Type of site
|Area served||North America, Europe|
|Founder(s)||Peter Holten Mühlmann|
|Alexa rank||673 (December 2018[update])|
Trustpilot.com is a consumer review website founded in Denmark in 2007 which hosts reviews of businesses worldwide. The site is free for consumers and it offers freemium services to businesses. Trustpilot has offices in New York, Denver, London, Copenhagen, Vilnius, Berlin and Melbourne, and employs more than 700 people and nearly 1 million new reviews are posted each month. The firm relies on its users, software and compliance team to report and remove reviews from the platform that violate Trustpilot's content guidelines.
Trustpilot was founded by the company’s current CEO, Peter Holten Mühlmann, in Denmark in 2007. He started the company when his parents started shopping online. At the time, he was studying at Aarhus University, School of Business and Social Sciences and would later leave university to pursue Trustpilot.
After raising $3 million in early venture funding from 2008 to 2010, Trustpilot received an initial capital injection from SEED Capital Denmark and Northzone in November 2011. One year later, Index Ventures, SEED Capital Denmark and Northzone invested $13 million in Series B funding in Trustpilot, which the company used for international growth.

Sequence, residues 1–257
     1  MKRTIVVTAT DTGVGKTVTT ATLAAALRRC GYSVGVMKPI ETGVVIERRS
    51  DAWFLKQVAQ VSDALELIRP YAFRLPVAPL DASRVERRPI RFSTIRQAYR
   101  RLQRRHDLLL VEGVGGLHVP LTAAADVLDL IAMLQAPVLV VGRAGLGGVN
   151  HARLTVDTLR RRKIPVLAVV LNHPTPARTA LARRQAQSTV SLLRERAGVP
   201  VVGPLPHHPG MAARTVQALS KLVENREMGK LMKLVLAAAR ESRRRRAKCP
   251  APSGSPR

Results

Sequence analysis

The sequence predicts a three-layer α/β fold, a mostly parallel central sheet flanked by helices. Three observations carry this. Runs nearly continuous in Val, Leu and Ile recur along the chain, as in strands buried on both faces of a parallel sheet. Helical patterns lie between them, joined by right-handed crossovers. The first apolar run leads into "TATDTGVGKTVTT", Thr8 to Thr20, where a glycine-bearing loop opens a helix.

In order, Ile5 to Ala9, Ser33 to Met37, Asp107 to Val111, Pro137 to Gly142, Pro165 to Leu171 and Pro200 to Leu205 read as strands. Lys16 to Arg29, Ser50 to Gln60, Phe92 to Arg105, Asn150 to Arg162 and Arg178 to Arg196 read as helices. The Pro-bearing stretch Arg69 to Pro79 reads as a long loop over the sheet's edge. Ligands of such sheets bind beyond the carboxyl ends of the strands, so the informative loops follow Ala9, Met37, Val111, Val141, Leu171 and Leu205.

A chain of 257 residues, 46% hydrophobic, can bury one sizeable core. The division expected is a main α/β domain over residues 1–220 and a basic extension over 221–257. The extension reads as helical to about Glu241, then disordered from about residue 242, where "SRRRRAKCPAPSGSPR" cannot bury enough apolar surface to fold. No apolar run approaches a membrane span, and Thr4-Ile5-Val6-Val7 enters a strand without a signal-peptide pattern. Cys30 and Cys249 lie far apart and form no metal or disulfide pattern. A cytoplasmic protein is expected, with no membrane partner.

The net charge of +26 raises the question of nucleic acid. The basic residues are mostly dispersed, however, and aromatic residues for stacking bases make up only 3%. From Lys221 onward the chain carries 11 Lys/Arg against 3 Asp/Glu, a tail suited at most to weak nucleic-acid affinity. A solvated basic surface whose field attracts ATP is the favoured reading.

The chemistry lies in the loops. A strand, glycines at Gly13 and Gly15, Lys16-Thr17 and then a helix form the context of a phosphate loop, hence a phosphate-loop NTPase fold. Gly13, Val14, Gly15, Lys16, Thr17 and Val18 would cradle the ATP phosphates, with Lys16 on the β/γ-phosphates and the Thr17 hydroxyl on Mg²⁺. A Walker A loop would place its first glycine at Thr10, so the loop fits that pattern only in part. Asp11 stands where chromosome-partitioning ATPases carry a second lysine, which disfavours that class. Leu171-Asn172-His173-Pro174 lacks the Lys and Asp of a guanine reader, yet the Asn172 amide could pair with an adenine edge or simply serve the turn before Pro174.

In 2013, Trustpilot opened offices in New York and London. In the same year, the company was named Danish Startup of the Year at Next Web’s European Startup Awards. In 2014, Draper Esprit (formerly known as DFJ Esprit) invested $25 million in Trustpilot, along with support from the existing investors. According to VentureBeat, the Series C funding round would help Trustpilot “bring its online retail reviews service to the U.S.” At the end of 2014, Trustpilot employed 325 people and 400,000 new reviews were posted each month. According to Website Magazine, “Trustpilot soared in 2014,” and experienced “record growth with an 80 percent year-over-year increase in revenue.
In May 2015, Trustpilot received $73.5 million in Series D funding. The investment was led by Vitruvian Partners, with contributions from all existing investors. In March, 2015, Google announced it was launching product ratings in Germany, the UK and France. In order to do this, “Google is aggregating data in Europe from different sources” including third party aggregators like Trustpilot. Trustpilot has a licensing agreement with Google, allowing Trustpilot reviews to be listed as Google Seller Ratings, or “Google Stars.” Trustpilot has published 13 million reviews about more than 100,000 brands. Trustpilot has raised $118 million in venture funding. Trustpilot employs about 700 people and roughly 1,000,000 new reviews are posted each month.
Anyone can post a review on Trustpilot. User account creation requires an email address or Facebook account. Trustpilot allows businesses to be listed free with minimal promotion but charges them for extra marketing and other services. Trustpilot generates some of its income from subscribing companies who use its software to solicit reviews from customers and gain business acumen from reviews. It doesn't declare openly that it is engaging in paid marketing for some of the brands it features; one has to access a corporate page to find that out explicitly. The same is true for Trustpilot taking payment for managing reviews and engaging in advertising and promotion alongside so-called "neutral" reviews.